Invited Speakers

Three eminent keynote speakers have been selected to open each day of the core conference program:

Theodore Baker (Florida State University, USA), a leading researcher in Ada and Real-Time systems, will examine the state of the art in multiprocessor real-time scheduling in his talk What to Make of Multicore Processors for Reliable Real-Time Systems?

Pedro Albertos(Universidad Politécnica de Valencia, Spain), a most authoritative member of the Automatic Control community, will explore the relationship between implementation and performance of control algorithms in a talk entitled Control Co-Design: Algorithms and their Implementation.

James Sutton (Lockheed Martin, USA), a worldwide expert in software systems architecture, will explore how Ada is prepared for the so-called 3.0 World, a world that makes peace with complexity and chaos, and learns to use them to its advantage. That will be in his talk entitled: Ada: Made for the 3.0 World.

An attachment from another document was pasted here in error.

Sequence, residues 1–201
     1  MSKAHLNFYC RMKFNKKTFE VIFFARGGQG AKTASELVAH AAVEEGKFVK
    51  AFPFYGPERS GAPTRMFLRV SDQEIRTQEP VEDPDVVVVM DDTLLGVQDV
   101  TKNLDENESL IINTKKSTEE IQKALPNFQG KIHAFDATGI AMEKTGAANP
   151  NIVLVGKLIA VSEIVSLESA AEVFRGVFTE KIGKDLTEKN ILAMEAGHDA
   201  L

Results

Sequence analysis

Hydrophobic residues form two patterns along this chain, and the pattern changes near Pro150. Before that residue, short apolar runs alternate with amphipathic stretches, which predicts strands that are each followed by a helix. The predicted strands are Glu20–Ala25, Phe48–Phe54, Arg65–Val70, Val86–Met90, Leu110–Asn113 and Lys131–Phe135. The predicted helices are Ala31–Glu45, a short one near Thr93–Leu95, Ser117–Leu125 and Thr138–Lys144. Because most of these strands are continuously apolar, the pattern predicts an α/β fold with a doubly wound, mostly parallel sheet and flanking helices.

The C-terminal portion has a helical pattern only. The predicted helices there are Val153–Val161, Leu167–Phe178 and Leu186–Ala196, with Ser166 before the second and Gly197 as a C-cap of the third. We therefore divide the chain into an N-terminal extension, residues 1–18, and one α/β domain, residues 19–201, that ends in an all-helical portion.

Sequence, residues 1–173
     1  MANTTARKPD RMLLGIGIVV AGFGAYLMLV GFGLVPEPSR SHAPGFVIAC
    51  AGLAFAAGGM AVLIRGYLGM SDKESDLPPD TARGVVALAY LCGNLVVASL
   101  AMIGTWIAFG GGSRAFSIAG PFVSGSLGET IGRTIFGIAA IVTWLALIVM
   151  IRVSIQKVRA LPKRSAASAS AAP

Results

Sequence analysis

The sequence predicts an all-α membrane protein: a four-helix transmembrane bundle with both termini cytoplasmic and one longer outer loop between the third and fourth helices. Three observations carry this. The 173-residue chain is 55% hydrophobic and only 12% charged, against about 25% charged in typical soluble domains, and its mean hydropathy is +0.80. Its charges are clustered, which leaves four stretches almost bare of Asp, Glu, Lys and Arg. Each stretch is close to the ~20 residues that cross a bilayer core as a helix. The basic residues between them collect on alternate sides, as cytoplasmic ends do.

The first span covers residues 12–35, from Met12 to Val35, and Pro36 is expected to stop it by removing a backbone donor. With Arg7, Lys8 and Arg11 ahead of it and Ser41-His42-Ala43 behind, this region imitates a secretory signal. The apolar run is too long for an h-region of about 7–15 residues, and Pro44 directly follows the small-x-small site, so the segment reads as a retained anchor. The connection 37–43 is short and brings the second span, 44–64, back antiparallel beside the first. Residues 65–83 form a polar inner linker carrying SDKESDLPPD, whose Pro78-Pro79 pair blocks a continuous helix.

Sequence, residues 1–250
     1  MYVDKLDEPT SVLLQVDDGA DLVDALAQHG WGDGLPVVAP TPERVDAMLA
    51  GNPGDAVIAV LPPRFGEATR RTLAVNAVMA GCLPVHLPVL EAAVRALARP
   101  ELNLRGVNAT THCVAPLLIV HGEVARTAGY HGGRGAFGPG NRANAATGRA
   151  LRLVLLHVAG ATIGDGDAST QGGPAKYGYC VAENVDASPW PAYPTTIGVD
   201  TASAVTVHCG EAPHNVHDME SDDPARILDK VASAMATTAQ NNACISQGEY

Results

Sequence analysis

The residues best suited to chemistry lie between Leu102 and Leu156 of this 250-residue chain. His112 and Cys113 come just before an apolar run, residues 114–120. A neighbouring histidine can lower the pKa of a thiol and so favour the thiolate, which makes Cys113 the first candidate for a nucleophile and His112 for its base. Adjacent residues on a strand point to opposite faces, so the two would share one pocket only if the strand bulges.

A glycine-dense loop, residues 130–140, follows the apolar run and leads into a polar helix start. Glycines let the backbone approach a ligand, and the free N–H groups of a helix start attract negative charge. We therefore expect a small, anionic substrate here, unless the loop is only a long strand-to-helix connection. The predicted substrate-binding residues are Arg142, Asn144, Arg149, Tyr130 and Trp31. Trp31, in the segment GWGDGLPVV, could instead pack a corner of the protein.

What to Make of Multicore Processors for Reliable Real-Time Systems?

Pedro Albertos

Theodore P. Baker,
Florida State University, USA
Tuesday 15 June


Now that multi-core microprocessors have become a commodity, it is natural to think about employing them in all kinds of computing, including embedded real-time systems. Appealing aspects of this development include the ability to process more instructions per second than is possible with a single processor, and execute more instructions per Watt than with a single fast processor capable of the same net processing speed. However, making effective use of a multi-core processor is not simple. Not all problems are amenable to parallel decomposition, and for those that are, designing a correct scalable multi-threaded solution can be difficult. If one is also
required to guarantee deadlines will be met, the difficulty becomes much greater.
This talk will review some of what is known about multiprocessor scheduling of task systems with deadlines, including recent advances in the analysis of arbitrary sporadic task systems under fixed-priority and earliestdeadline first scheduling polices. It will also examine critically the foundations of these theoretical results, including assumptions about task independence and worst-case execution time estimates, with a view toward their practical applicability